Home to the ancient ‘Nakasendo Way’ walking route, the Kiso Valley offers a genuinely traditional atmosphere reminiscent of the begone Edo era (1603 – 1868), as well as spectacular scenery amidst the Japan Alps.
If you are a keen walker, or simply want to hark back to historic Japanese country life, then we highly recommend visiting this picturesque idyll and hiking along the narrow 17th-century trail, which stretches 500km from Kyoto to Edo (modern-day Tokyo). Follow in the footsteps of samurai and walk a section or two past rural farmhouses and tea fields: our favourite part has to be the fairly gentle 8km trail from Magome to Tsumago. Arguably the most scenic and well sign-posted in English, this postal route takes approximately 2-3 hours when taken at a leisurely pace.
While a concerted effort has been made by locals to keep both these rural towns as close to their original states as possible, it is worth noting that Tsumago is the most beautifully preserved of the two. As you walk its pedestrianised cobbled streets between authentic wooden restaurants and inns, you cannot help but feel as though you have been whisked back in time, especially as a preservation order keeps the hamlet mercifully free of wires and neon. If you appreciate aesthetics like this, you are sure to be tempted by the delicate lacquerware and smooth wooden handicrafts sold in the nearby Kiso-Hirasawa village.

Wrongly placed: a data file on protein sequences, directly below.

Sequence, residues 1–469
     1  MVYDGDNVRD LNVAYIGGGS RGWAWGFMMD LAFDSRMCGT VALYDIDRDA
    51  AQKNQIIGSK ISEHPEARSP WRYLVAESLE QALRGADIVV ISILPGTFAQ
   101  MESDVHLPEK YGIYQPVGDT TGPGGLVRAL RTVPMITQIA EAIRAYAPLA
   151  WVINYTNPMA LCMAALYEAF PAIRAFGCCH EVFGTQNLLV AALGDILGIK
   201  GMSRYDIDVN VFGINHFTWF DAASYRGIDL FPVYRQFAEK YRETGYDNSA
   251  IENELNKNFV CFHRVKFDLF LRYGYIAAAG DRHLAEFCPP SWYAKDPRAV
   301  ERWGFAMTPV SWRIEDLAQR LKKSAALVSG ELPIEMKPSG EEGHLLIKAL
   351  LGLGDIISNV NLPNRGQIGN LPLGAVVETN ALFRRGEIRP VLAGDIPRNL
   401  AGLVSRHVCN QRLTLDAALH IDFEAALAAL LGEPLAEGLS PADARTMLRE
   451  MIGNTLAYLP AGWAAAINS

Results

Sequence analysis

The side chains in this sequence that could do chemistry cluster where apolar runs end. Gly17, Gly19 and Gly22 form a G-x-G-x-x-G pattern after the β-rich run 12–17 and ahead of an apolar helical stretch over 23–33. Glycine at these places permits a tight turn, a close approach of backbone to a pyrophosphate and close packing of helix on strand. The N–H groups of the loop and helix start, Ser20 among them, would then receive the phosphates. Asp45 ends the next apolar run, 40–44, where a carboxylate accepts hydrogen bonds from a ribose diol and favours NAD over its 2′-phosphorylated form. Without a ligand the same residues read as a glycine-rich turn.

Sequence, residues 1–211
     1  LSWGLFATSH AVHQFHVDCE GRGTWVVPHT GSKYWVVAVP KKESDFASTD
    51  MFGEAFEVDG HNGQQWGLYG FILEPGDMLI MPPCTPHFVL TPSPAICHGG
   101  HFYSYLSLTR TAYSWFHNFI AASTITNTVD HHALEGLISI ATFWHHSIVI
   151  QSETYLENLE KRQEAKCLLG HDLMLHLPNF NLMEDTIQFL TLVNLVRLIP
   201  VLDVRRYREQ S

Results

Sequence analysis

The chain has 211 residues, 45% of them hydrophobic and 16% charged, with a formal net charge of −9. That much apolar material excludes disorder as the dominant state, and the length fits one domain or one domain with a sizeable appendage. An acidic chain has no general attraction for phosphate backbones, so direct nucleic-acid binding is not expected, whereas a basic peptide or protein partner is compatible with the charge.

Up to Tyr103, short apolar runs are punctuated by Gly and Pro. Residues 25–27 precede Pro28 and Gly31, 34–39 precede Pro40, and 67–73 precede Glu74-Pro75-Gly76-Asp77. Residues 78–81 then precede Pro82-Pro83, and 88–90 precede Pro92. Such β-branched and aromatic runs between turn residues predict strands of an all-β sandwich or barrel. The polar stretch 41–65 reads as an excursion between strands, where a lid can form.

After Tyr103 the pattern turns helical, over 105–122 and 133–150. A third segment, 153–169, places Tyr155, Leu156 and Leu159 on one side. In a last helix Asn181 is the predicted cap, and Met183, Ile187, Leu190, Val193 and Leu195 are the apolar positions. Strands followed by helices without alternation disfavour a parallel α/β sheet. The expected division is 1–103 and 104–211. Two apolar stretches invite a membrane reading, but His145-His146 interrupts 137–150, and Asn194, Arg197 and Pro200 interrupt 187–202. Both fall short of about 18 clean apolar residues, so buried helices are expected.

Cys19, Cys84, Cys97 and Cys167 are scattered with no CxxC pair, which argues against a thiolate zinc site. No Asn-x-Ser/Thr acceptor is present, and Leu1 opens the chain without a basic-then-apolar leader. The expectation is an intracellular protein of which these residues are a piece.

After a day exploring the remote Kiso Valley, there is nothing better than strolling between the glowing street lanterns to a traditional ‘ryokan’ inn or ‘minshuku’ B & B for a hearty Japanese meal and relaxing soak in an ‘onsen’ (hot spring). Without a doubt, our favourite guesthouse here is the delightful, family-run ‘Takimi No Ie’ (Takimi House), which provides an unparalleled experience and guarantees a memorable stay.
- Matthew Nicklin, North India
- Mr Geoffrey Johnson, India
- Mr Richard Stoughton, Sri Lanka
- Jaime Benitez, South India
- Leslie Siben, India
- Mr & Mrs Manson, North India
- Mr David Wallace, North India
- Krista Weir, Sri Lanka
- Matthew Annable, Rajasthan, India
- Anonymous, India